The Tasmanian Government has rejected a call for it to intervene and ensure an $80 million Launceston hotel development can be built without delay.
After the City of Launceston council gave the Global Premium Hotels development the green light on May 14, Launceston Heritage Not Highrise member Jim Collier said he would appeal the decision and attempt to stop construction.
Property Council chief executive Brian Wightman said the appeal bid was "vexatious" and he called on the state government to step in.
"The proposed Fragrance Hotel, like the Gorge Hotel, was approved by the City of Launceston council 11 to one and now a minority body sees fit to again put Tasmanian jobs at risk," Mr Wightman said.
"The Property Council encourages City of Launceston ratepayers who work hard to put food on the table, and strive for an improved future for our young people, to voice their opposition to this unnecessary appeal and for the state government to intervene as a matter of urgency to ensure construction is not delayed."
- Myer building will look taller than high-rise hotel: Report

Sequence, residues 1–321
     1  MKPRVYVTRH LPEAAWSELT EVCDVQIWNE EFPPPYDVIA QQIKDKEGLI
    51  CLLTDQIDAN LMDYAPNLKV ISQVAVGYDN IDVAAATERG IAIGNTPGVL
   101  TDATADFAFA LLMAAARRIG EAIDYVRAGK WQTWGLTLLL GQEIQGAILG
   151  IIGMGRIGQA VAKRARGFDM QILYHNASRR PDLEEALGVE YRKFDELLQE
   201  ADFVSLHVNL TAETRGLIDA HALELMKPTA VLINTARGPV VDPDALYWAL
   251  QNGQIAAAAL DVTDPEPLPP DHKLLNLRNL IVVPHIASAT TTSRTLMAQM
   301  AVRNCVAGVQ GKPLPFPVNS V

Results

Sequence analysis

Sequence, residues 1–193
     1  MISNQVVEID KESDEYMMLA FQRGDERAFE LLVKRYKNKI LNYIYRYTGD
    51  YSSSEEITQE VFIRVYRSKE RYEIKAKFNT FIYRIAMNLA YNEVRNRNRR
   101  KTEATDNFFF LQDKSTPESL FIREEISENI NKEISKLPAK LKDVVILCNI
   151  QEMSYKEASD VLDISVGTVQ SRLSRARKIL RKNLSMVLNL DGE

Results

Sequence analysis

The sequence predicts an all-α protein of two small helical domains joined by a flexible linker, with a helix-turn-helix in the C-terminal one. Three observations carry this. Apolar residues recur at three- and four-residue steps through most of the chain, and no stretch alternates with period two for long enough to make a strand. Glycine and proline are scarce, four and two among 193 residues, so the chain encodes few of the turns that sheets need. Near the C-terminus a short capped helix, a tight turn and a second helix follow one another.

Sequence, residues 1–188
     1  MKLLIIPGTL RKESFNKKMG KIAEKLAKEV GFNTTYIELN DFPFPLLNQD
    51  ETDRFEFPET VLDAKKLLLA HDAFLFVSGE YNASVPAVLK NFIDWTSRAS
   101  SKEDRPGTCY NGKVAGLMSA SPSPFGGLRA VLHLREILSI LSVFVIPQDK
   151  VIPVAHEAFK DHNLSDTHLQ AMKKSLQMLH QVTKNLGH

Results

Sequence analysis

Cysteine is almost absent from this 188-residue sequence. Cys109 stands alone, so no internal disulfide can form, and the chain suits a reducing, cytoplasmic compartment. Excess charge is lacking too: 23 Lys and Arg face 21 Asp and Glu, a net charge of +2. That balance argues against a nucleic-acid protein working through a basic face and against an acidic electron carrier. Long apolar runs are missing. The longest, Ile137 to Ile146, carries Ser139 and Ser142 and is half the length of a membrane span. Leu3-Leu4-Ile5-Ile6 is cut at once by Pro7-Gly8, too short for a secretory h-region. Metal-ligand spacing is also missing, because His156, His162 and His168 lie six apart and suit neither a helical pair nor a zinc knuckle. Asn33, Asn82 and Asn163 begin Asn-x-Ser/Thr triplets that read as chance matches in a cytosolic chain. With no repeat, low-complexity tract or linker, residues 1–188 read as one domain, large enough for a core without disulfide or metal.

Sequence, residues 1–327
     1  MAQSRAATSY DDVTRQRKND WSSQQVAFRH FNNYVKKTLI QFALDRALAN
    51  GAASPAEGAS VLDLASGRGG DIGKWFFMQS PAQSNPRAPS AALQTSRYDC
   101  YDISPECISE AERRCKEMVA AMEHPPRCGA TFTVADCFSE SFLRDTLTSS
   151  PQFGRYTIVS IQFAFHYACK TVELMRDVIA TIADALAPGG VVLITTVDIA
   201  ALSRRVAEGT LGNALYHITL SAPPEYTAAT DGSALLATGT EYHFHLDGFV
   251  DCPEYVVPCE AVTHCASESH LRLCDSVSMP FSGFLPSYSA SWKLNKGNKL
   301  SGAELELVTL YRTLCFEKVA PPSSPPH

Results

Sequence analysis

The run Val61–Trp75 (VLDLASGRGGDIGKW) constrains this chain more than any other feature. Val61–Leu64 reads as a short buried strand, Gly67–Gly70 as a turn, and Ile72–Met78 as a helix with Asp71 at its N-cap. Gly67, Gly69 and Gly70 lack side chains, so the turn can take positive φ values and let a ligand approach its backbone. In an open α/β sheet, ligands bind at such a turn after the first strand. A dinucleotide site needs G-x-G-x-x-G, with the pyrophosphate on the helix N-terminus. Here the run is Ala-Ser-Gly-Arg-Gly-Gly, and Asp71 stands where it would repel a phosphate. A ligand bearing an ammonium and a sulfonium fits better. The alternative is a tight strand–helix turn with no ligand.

- Fragrance Launceston hotel gets green light from Heritage Council
- Fragrance Launceston hotel plans facing opposition from Heritage Not Highrise group
- Fragrance developer working through council questions
- Global Premium Hotels plans $80 million five-star hotel for Clarion and Harrap sites
- Singaporean developers buy Clarion Hotel for $7.2 million
- Global Premium Hotels' $50 million development open to public
- Fragrance Launceston proposal planned to meet growth in 'premium' tourism
A government spokesman swiftly dismissed Mr Wightman's request and said the Resources Management Planning Appeals Tribunal appeal process could not be stopped.
"It is an independent statutory body and the government has no power to intervene in much matters, nor would it be appropriate to do so," the spokesman said.
Mr Collier said the appeal was necessary because "it's very important that Launceston does not end up like Melbourne, Sydney or, god-forbid, the Gold Coast".
"The Verge Hotel just across the road from the site where this hotel is proposed to be constructed is 24 metres [high], this Fragrance Hotel will be 43 metres and will tower above the Verge Hotel and that's just not acceptable," Mr Collier said.
"We also feel the environmental site assessment was not properly conducted and the ground on which this hotel is proposed to be built is potentially contaminated land."
IN OTHER NEWS:
Before council approved the development, its city development manager Richard Jamieson said a preliminary environmental investigation identified potentially contaminating activities which had occurred over the site of the proposed development.
"The environmental site assessment has then provided remediation and protection measures against these known contaminants," Mr Jamieson said.